Tuesday, November 23, 2010

Sub-Floor: Insulated Panels

This weekend I drove up to Oklahoma very early Friday so I could go pick up some scrap insulated panels that we got for cheap ($1 each) to use as the first layer of the sub-floor. The panels are ugly but will still be every bit as effective as nice, new panels. Technically they are called Structural Insulated Panels (SIPs) and locally they are referred to as Davis Panels seeing as they come from Davis Buildings. We were able to insulate the entire sub-floor for less than $130 and had panels left over that we can use for dog houses.

These panels are a mixture of embossed and smooth fiberglass sheets with foam insulation sandwiched between.

The panels were different lengths and widths, so we pieced them together like a tetris.

We've been using screws in all of the building instead of nails and in this case used washers so we didn't punch down through the fiberglass.

In places where the panels didn't hit a support beam we laid a piece across that we could screw them down into.

There were some areas with gaps where the panels weren't cut straight originally, so we used Great Stuff to fill in those areas. We'll cut the excess off next time before we lay the plywood.

The completed layer of insulated panel sub-floor.

A picture for Erin. I thought this one looked like a face with eyes, nose and a mouth.

Back home in Texas, I'm having a problem with Sisko getting out of the fence (I suspect he's jumping it), so I took him with me this trip and he was very well behaved. I think I'll start taking him with me each weekend. Tony was happy to see his puppy.

Sisko tested the panels for us and had a gift for finding the ones not screwed down. Sunday he was afraid of jumping up on the panels for fear of falling through the floor again. So we coaxed him up when all the panels were screwed on and left. He was so upset.

Here's what our little campsite looks like. I'm really enjoying camping each week and we're getting a lot more work done since we can wake up and get right to work. We have a queen size air mattress that fits perfectly in the back of the Suburban.

The inverter we use to run the power tools and coffee maker.

Coffee maker that we also use for instant oatmeal in the mornings.

A friend loaned us her cook stove that ran out of fuel after one can of soup, so Tony used his blow torch to cook his two cans.

And finally, the fog that lingered over the area all weekend. It was cool and drizzled so the soup for lunch was perfect.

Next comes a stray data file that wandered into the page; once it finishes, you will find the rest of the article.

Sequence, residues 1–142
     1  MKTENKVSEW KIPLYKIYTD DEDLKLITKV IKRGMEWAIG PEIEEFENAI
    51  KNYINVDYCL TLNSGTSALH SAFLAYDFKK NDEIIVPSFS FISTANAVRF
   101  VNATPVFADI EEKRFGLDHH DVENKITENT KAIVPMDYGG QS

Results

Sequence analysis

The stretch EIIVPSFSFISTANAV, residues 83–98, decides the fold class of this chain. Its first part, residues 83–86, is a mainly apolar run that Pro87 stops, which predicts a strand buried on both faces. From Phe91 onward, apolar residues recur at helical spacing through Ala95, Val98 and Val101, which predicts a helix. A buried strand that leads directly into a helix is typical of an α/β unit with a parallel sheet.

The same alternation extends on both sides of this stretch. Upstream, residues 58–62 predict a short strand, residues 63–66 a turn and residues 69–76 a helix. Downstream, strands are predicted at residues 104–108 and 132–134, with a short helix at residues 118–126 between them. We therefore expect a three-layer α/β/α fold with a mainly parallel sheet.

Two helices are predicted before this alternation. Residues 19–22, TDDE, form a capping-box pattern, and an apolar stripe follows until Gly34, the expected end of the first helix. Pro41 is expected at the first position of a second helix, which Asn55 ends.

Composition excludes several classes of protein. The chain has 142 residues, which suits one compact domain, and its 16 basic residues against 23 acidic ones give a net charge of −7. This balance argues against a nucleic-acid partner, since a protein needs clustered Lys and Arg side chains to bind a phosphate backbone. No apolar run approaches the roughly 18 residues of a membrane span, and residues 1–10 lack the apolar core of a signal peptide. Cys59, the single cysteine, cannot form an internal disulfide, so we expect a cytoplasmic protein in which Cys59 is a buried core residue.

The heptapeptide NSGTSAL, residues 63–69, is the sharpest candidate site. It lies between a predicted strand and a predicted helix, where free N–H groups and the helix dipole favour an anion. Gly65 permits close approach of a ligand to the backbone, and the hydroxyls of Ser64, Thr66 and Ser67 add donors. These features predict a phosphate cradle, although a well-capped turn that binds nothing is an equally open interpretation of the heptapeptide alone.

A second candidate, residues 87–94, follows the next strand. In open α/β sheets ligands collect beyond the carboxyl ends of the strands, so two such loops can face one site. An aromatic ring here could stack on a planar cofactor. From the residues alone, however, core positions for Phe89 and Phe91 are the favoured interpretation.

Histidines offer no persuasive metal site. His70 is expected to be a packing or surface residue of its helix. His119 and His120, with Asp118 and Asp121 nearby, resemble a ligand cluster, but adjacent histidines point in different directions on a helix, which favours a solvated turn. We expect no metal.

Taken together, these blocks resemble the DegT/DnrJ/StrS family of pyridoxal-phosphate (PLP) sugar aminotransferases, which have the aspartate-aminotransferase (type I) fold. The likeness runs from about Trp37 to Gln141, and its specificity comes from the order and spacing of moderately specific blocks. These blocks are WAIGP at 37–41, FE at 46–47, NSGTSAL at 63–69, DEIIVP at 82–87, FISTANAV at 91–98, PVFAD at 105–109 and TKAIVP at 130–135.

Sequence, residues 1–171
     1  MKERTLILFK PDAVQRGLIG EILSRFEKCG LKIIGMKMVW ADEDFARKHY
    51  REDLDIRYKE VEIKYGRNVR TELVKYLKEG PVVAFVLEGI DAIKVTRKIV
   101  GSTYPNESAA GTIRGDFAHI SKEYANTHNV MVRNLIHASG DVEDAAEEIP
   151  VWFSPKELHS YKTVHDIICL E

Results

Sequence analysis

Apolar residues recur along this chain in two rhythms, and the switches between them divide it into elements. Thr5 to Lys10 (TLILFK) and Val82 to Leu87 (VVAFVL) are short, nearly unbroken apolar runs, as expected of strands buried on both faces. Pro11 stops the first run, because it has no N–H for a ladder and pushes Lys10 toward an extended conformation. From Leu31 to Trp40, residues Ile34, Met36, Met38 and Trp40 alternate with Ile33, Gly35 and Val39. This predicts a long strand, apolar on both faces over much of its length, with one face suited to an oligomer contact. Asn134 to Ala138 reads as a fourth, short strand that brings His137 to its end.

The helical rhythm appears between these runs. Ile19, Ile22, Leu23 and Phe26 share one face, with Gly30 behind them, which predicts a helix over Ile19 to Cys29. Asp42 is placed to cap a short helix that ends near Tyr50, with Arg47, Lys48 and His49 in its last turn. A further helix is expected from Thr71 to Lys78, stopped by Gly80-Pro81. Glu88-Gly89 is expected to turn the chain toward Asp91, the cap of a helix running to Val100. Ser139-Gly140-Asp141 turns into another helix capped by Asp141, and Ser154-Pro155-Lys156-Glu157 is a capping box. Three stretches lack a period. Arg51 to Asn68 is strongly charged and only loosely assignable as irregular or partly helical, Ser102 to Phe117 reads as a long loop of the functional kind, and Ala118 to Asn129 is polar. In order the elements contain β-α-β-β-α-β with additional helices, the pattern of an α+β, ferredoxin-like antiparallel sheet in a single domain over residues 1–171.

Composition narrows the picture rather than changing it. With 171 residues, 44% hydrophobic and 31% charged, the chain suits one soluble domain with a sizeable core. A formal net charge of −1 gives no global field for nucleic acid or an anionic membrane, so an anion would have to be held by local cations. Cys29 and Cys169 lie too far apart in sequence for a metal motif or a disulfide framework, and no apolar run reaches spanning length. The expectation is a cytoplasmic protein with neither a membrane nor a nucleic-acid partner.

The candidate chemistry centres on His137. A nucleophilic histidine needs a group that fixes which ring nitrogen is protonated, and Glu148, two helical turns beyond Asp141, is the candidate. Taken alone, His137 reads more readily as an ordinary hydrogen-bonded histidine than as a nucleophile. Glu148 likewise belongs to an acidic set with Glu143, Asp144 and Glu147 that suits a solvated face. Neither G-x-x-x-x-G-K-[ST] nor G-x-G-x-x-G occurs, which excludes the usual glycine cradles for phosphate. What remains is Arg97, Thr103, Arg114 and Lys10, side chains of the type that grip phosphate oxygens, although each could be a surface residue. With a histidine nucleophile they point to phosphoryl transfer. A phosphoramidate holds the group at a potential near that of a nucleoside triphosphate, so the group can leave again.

Monday, November 22, 2010

Floor Joists

I've been neglecting updating blog posts recently simply because I have been so busy and I am so exhausted. During the week I am still painting a 48' flat bed trailer for our Peterbilt that we want to sell, I've been trying to keep up with all the animals and housework, and I've been going twice a week to Fort Worth to help a friend who is battling cancer by taking her to appointments, running errands, getting or making dinner, etc. Then on Friday I am heading up to Oklahoma while Tony and I build on Saturday and Sunday then I head home Sunday evening.

These photos are from the weekend of November 13th & 14th.

First is a photo of the support system for the floor joists that Tony completed the weekend of November 6th & 7th while I stayed home in Texas.

Here's the box Tony built to support the boards and floor joists on the area where the posts ended up being too short because the ground drops significantly in that area.

A view of the boxes that are the floor joists. We built 8'x8' boxes with 2"x10" beams every 16 inches. All this to help support to load across the beams and help make the floor sturdy enough that we can lay a tile floor later.

A shot from underneath.

The completed floor joists.

A make-shift retaining wall I've started working on to help with washout that has started to build up around the posts.

The weather was beautiful that weekend and we had some critters show up.

A lizard (dead center in the photo).

 Some beautiful moths and butterflies, this is the only one I could catch though.

And there are a ton of Daddy Longlegs. This particular type is an arachnid but is not a spider since it only has two main body sections (abdomen and cephalothorax) instead of three. There are other Daddy Longlegs who are spiders though.

And finally some views of fall. I missed the main weekends where the trees were changing, but I did catch the tail end. The strange lights on the image are noise from my camera. I'm shooting with a film camera instead of a digital. Once the house/cabin is complete then I will be getting a digital SLR camera.